But even though Columbia is called the “New Eden” by its founder Father Comstock, the game isn’t pulling its punches in its exploration of the toxic excesses of American exceptionalism, especially when it comes to religion. At one point, Booker encounters three statues, of Ben Franklin, George Washington, and Thomas Jefferson, dressed in robes like deities, each of them respectively wielding a giant key (for invention), a giant sword (for strength), and a giant scroll (for knowledge). The sight of three robed citizens kneeling before these statues in prayer made me laugh out loud at the audacity of it; actually, this sight is what prompts Booker’s aforementioned sardonic aside. And then there’s that anti-miscegenation moment, one of the most shocking story turns I’ve seen a game make in a long time. If BioShock Infinite can maintain that level of storytelling boldness throughout the game, it may be one for the ages.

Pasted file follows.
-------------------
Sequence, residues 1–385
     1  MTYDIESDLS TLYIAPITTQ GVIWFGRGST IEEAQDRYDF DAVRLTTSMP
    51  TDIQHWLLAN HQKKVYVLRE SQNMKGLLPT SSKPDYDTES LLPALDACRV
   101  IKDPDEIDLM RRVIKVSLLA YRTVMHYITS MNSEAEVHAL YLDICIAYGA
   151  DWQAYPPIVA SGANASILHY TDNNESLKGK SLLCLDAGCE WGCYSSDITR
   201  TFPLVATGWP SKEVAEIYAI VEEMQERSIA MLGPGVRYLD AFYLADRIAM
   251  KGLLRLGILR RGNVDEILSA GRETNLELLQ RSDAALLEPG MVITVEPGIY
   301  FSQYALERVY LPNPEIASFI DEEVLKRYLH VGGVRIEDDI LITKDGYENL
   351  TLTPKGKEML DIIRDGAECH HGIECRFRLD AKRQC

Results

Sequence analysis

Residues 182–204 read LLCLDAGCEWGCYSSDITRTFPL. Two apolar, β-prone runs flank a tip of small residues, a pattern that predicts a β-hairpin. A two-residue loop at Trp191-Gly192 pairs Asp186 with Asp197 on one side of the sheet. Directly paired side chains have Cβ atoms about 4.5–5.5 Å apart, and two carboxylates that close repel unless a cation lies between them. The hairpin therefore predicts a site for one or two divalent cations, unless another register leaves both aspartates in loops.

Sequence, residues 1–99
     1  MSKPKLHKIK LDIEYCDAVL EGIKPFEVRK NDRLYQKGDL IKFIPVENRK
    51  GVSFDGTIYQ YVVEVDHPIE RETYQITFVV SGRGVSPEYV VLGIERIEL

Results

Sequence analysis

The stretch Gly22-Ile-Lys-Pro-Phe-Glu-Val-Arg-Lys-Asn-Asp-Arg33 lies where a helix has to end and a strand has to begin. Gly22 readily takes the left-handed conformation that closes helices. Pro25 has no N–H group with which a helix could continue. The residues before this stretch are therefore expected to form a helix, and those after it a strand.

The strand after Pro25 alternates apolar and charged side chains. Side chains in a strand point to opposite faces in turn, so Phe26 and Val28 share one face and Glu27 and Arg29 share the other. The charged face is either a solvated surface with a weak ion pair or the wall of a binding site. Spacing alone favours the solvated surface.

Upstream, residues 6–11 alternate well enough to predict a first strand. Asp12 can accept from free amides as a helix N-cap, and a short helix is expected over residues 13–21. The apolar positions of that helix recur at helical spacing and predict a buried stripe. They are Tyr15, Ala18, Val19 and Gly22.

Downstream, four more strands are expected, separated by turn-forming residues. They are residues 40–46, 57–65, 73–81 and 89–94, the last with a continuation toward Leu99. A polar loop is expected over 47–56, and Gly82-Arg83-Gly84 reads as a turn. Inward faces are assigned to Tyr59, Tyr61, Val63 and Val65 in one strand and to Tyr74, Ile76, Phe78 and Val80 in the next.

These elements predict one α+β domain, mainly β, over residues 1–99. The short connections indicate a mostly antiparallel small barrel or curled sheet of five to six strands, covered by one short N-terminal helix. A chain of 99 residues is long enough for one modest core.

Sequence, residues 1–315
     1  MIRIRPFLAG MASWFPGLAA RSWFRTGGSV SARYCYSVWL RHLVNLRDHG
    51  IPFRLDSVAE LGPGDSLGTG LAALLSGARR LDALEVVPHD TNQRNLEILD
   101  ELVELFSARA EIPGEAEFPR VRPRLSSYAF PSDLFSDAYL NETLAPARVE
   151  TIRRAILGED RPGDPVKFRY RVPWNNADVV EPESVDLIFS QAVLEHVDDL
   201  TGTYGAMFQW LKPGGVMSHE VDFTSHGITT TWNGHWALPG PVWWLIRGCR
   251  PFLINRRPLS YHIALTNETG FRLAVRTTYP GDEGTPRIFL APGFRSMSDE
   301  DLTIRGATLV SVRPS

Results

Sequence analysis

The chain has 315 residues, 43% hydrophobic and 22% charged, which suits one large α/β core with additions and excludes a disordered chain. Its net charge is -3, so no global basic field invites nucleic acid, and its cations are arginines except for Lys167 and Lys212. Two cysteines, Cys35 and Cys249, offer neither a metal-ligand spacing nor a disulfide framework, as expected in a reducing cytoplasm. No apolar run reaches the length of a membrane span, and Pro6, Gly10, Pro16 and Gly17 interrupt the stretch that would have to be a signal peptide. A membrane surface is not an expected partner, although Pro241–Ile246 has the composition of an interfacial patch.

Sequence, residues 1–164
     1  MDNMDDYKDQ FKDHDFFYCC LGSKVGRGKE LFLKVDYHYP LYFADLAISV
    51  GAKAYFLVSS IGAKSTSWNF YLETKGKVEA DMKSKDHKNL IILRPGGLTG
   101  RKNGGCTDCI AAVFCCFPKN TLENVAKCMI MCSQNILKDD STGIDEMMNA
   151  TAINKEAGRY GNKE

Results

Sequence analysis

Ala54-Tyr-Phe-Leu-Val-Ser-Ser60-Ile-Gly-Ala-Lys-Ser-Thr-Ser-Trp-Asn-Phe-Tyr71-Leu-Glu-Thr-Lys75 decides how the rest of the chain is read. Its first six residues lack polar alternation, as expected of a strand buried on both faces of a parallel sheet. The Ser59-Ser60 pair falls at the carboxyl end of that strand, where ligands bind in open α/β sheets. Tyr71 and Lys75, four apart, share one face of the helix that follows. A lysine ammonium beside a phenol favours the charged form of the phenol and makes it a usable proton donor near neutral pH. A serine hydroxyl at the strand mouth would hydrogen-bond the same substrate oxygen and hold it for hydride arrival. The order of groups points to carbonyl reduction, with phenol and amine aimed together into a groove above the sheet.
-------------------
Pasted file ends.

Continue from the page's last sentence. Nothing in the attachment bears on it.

The Not-So-Good: If the world of BioShock Infinite feels bracingly unique, its gameplay feels a bit familiar — at least in the stretch I got to play. Granted, I didn’t get much experience with the grappling hook, and I never got to play with Elizabeth, both of which look like crucial elements of the game. Let’s hope that variety can match the splendor of just watching Columbia levitate around you.
Excitement Level: With the release date pushed back another month, I’m just that much more anxious about getting my paws on the full thing. On a scale of 1 to 10 of anticipation, BioShock Infinite is a solid 9.